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Senior Smokers Breathe Easier with Curry

Senior Smokers Breathe Easier with Curry: Main Image
Past and current smokers' lung test results were 9 to10% better if they ate curry at least once a month
People who have smoked for many years frequently develop a lung condition known as chronic obstructive pulmonary disease, or COPD, which limits their ability to breathe. According to a preliminary study published in PLoS ONE, older smokers may be able to slow down COPD by eating curry dishes regularly.

Linking curry to lung function

This study is based on data collected from nearly 2,500 Chinese people over the age of 55 who were participating in the Singapore Longitudinal Ageing Studies. They answered a series of questionnaires about dietary and lifestyle habits, including questions about smoking, curry and other spice intake, supplement use, and consumption of certain foods. They also underwent lung function tests.

The researchers analyzing the data made the following connections:

  • People who ate curry performed better on lung function tests than people who never ate curry.
  • Those who ate curry the most frequently (once per week or more) had the best lung function.
  • Both past and current smokers benefited much more than nonsmokers from being curry consumers: their lung test results were 9 to 10% better if they ate curry at least once a month than if they never ate curry.

Curry may protect smokers

Although these findings do not tell us whether smokers with COPD can improve their breathing by adding curry dishes to their diet, they do suggest that curry may have protective effects in the lungs. One of the main ingredients in most curries is turmeric, a culinary and medicinal herb that is responsible for curry's characteristic yellow color and has a well-known anti-inflammatory constituent (curcumin).

"The results of this preliminary study indicate that consumption of curry meals may improve the pulmonary function of the elderly, especially in smokers," said Dr. Laura M. Bystrom in a report on the study in the American Botanical Council's HerbClip.

Smokers: take care of your lungs

If you smoke or smoked in the past, you may be able to mitigate the damage to your lungs by including anti-inflammatory and antioxidant foods, like curry, in your diet. Here are some specific ways you can take care of your lungs:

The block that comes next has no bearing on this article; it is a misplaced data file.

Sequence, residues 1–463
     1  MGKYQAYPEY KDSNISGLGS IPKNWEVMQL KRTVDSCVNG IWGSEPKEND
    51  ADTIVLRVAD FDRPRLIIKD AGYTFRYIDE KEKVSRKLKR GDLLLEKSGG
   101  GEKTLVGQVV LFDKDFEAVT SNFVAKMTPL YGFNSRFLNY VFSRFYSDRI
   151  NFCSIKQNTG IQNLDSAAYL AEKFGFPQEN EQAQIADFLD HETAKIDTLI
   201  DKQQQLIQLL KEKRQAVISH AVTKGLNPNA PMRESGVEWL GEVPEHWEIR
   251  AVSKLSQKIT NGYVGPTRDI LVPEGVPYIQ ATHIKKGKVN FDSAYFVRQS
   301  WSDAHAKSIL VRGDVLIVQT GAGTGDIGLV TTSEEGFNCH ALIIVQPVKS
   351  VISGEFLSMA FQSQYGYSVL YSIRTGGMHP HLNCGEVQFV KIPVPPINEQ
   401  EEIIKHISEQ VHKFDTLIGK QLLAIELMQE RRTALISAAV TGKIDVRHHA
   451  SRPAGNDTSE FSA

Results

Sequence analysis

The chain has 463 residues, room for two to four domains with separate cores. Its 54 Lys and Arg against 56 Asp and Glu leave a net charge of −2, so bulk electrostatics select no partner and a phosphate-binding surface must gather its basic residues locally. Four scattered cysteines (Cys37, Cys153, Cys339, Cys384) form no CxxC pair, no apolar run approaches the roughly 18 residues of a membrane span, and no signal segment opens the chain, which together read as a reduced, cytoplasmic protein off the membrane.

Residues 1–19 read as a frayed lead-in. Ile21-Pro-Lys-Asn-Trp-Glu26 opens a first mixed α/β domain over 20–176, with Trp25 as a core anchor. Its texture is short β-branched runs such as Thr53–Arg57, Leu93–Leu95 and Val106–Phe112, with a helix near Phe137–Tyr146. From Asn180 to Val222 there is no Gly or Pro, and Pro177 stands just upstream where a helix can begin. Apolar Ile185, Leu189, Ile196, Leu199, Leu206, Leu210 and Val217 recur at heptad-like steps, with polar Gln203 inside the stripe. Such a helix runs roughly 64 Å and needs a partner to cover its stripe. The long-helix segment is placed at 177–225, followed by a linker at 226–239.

• Feed them fish. People who eat more fish or take fish oil supplements appear to have a lower risk of COPD.
  • Cut down on carbs. Researchers have found that increasing carbohydrates in the diet can aggravate breathing difficulties in people with COPD. Focus on eliminating refined carbohydrates rather than nutritious carbohydrates like those from whole grains and fruits.
  • Make your plate a color palette. Fruits, vegetables, herbs, and spices that are rich in green, red, yellow, and orange pigments are especially high in antioxidants. Eating fruits and vegetables provides some protection against the problems that smoking causes, such as cancer and heart disease.
  • Breathe deeply. Practices that focus on deep breathing such as yoga, some forms of meditation, and even singing have been found to improve lung function in people with COPD.

(PLoS ONE 2012;7: e51753. doi:10.1371/journal.pone.0051753)

Maureen Williams, ND, completed her doctorate in naturopathic medicine at Bastyr University in Seattle and has been in private practice since 1995. With an abiding commitment to access to care, she has worked in free clinics in the US and Canada, and in rural clinics in Guatemala and Honduras where she has studied traditional herbal medicine. She currently lives and practices in Victoria, BC, and lectures and writes extensively for both professional and community audiences on topics including family nutrition, menopause, anxiety and depression, heart disease, cancer, and easing stress. Dr. Williams is a regular contributor to Healthnotes Newswire.
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